Finally, the apparent purgatory of precarity in which service providers have resided through assessments immemorial strains staff, frustrates volunteers, and unnecessarily constricts their preventative potential. Whether as a result of the stony stoicism of institutional gatekeepers unmoved by providers’ pleas for partnership, their perpetual financial relegation to pet or pilot statuses, or the insecurity of their very role within MOCJ itself, service providers end up contributing far more energy toward logistical and strategic uncertainties than should be reasonable or reflective of their actual performance. A meaningful divergence from this trajectory, an inflection point of institutional interest and investment would be well to be at hand. Such change is in the interests of the City, its communities, its conflicts, and the prevention of its crime.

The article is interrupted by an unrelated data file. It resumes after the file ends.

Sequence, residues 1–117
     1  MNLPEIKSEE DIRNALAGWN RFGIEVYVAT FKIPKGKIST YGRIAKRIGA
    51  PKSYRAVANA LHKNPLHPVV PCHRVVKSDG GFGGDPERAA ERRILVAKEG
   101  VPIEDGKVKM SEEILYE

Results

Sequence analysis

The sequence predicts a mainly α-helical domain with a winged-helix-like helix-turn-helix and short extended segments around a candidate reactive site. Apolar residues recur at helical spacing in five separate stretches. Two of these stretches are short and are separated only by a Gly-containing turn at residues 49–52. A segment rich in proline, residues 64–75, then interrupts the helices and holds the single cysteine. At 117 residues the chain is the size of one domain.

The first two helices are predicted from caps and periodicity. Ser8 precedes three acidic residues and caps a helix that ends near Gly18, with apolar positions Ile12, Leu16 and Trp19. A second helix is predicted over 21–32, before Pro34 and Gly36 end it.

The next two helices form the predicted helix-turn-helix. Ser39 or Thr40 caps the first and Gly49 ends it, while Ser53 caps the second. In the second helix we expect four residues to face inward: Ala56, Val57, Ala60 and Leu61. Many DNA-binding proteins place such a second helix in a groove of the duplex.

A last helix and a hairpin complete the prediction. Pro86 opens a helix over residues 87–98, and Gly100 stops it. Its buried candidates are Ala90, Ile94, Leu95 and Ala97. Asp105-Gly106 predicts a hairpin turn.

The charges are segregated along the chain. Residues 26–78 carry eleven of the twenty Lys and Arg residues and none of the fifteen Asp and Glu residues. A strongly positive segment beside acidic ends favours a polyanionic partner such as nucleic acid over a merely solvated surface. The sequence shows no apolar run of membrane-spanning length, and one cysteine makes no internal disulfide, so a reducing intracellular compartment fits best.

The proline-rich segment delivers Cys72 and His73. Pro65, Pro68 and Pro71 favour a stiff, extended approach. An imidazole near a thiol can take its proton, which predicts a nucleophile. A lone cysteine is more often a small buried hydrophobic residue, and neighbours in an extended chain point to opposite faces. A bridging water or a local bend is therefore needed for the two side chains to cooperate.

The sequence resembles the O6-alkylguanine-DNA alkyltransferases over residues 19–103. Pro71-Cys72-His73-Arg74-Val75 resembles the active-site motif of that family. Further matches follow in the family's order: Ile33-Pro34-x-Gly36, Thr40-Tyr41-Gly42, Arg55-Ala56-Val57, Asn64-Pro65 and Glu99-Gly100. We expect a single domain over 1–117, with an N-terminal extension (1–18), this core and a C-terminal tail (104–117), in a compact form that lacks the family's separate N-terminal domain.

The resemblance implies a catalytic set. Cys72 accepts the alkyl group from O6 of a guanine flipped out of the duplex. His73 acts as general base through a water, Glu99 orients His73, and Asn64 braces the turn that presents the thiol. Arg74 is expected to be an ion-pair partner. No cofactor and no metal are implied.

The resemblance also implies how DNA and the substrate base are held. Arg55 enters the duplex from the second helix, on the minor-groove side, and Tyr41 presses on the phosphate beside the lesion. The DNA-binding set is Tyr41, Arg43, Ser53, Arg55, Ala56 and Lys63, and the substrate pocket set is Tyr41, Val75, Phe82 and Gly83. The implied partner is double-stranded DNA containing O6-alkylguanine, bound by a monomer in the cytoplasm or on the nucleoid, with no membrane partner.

Figure 1. Conflict Interventions by the Numbers

This visualization summarizes key figures related to service provider interventions, their impact, and opportunities. Support for each statement is fully explored and embedded within the full report text and corresponding endnotes.